Okay, the answer to the last question was easy. I broke one of the sleep rules that says never look at a clock when you’re having insomnia. It’s a good rule, theoretically. The only trouble is, I don’t even need to look at the clock to know the time. It’ll be 3:00. Possibly 4:00, but probably 3:00. Rarely any time before 3:00 or after 4:00.
Last night I cheated and looked. Twice. Once at 3:00. The next time at 3:45. No sleep in between.
Most of my friends are familiar with the 3:00 a.m. witching hour. Maybe that’s because we’re all in those fuzzy peri-menopause years. One friend who’s into psychic phenomenon tells me 3:00 a.m. is the time when “the spirits” are the closest, when we’re most likely to receive inspiration.
I wish that were the case. I never receive inspiration at 3:00 a.m. Only fears, concerns, anxieties, stupid stuff. Sometimes the worries are real. I really do need to pay that Visa bill. More often, the witching hour magnifies my concerns and the next morning they seem ridiculous. Why did I spend one second wondering about weather, for heaven’s sake? It’s not like I can do anything about it.
Robert sleeps peacefully beside me as I worry. He says there’s no need for him to worry at 3:00 a.m. because I do it for him. I agonize about teenagers getting home safely; he snoozes. I worry about the bills; he sleeps. I fret over whether the dog got fed, who will win the presidential election, whether I can meet my writing deadlines, and the chocolate bar I ate in the afternoon. Robert sleeps. I’m jealous.
Monday, March 3, 2008
Since we've been working on our book, I've learned that he is right. (Don't all husbands want to hear their wives say that about something? At least once?) Whenever we mention that we're writing a book about couples sleeping together, whoever we're chatting with starts talking, and asking questions, and telling us about their time in bed. We've heard about the usual problems -- especially snoring. (Do you snorers have any idea how miserable you can make your spouse's night?) We've also heard about unique issues -- terrifying hallucinations of spiders before going to sleep, the feeling of being paralyzed upon awakening, and spouses who freak out when being touched during sleep. We've heard a lot about insomnia and fatigue.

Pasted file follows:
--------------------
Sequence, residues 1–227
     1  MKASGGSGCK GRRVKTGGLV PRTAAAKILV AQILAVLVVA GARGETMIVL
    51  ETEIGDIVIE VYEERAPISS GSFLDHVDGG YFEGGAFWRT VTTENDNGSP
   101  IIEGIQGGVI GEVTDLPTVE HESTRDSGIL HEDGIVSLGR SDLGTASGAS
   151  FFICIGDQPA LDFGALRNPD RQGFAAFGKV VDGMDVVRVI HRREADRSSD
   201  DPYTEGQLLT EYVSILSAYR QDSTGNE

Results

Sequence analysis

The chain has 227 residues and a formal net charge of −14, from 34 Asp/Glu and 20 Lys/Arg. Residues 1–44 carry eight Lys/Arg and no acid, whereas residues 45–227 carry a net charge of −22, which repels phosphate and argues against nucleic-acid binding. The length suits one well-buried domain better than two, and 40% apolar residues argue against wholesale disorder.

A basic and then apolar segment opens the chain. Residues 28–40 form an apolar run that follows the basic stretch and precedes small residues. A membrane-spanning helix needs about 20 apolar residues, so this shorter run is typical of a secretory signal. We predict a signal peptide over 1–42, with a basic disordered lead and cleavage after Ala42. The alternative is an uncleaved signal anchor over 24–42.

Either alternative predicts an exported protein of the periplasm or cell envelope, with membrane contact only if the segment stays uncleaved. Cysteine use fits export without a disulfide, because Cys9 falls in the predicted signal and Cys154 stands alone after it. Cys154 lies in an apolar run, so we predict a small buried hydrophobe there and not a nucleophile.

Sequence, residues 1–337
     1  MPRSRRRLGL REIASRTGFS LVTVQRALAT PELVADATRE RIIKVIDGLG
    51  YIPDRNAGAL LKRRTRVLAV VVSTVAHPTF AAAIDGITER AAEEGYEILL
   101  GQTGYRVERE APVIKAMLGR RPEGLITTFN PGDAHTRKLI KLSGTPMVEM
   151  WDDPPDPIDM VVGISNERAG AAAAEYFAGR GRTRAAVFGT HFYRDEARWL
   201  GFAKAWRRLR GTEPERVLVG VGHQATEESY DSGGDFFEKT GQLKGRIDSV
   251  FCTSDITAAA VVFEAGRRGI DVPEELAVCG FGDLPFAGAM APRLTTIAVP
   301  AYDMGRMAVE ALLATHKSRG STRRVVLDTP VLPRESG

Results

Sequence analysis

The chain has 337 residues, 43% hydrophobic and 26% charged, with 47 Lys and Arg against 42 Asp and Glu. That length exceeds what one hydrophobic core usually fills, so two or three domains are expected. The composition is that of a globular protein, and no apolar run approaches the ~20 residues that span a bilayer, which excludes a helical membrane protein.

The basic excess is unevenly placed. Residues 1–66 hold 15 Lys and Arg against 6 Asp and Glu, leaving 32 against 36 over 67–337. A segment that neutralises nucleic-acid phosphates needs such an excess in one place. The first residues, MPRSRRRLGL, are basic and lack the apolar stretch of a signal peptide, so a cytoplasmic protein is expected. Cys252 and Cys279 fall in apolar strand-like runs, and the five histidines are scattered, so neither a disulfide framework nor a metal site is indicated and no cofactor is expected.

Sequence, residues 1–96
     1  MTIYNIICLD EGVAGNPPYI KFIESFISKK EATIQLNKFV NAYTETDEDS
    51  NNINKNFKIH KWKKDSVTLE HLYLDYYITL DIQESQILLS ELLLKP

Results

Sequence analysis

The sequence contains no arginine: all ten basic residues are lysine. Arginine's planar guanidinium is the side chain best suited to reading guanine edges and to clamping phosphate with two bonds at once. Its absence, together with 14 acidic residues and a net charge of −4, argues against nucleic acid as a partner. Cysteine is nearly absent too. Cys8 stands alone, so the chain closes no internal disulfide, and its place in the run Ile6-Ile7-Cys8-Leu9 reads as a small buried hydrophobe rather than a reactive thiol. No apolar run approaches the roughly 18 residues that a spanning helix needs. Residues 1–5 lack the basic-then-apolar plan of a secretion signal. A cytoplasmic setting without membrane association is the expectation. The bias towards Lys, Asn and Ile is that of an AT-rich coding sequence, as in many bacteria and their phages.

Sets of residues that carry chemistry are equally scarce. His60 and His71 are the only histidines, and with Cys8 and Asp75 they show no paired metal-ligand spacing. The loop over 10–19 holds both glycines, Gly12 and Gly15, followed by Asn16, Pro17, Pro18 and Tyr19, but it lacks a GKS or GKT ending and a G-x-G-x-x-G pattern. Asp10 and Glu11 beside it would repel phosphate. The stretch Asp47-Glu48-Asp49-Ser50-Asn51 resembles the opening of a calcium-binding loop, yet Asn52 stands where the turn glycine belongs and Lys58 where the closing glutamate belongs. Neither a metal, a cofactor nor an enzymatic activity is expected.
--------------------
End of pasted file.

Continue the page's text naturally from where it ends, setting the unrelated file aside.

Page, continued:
We are thoroughly enjoying talking with people. And we want to talk to more folks. We've heard from some of you on our Pillow Talk blog at the National Sleep Foundation's website - http://www.sleepfoundation.org/ (a great website, by the way) - and we'd love to hear from you on this blog. This is your chance to share your stories, complaints, and thoughts. To ask questions and raise issues. We'll do our best to search out answers.
Sleep is something we all do, yet it still holds an air of mystery. Scientists are just cracking the code on what makes us tick when we sleep. Join in the conversation and let's figure out how to make those eight hours in bed even better than they are.
Monday, February 25, 2008
Robert is a sleep guy. I am a writer. We've written about sleep together and have become interested in couples sleeping together. No, not sex. There are hundreds of volumes written on sex. We're talking about sleep. When you think about it, even the most amorous couples spend way more time sleeping than sizzling. We're writing a book on the topic, Sleeping Together: A Couple's Guide to Sharing a Bed.
Don't stop reading! There's a lot of interesting stuff that goes on in the night. Marriages don't stop when a couple goes to bed. Some perfectly happy daytime couples want to kill each other at night. Couples have actually divorced over sleep issues. It's fascinating to talk to people about their sleep. Robert does this for his job. He's a polysomnographic technologist and the manager of a sleep disorders clinic (he's also a psychotherapist, so it all works together). He knows a lot about what happens to us when we sleep, how our brains and bodies react after we shut our eyes.
How do you sleep with your partner? Do you happily slide into each other's arms and drift off to blissful slumber? Or do you plot how you will kill the person snoring loudly next to you? Do you seethe at 3:00 a.m. when you can't sleep but your mate snoozes soundly every single night? And what about when your bed partner is making weird noises in his sleep? Do you wake him up? And how do you feel about your mate who you're pretty sure has a serious sleep problem and s/he won't get it fixed? The list goes on and on ...
The issues are huge and we're going to explore them all, in the blog and in our book. We'll talk about all kinds of other topics on the blog. After all, being involved with another human being brings up all kinds of issues. In the meantime, we'd love to hear about your nighttime experiences. We'd love to interview you, talk to you, help you learn to love sleeping with your husband or wife. Let us know how you're managing all the minefields of marriage, especially the
bedtime minefields. Let's join together for some pillow talk.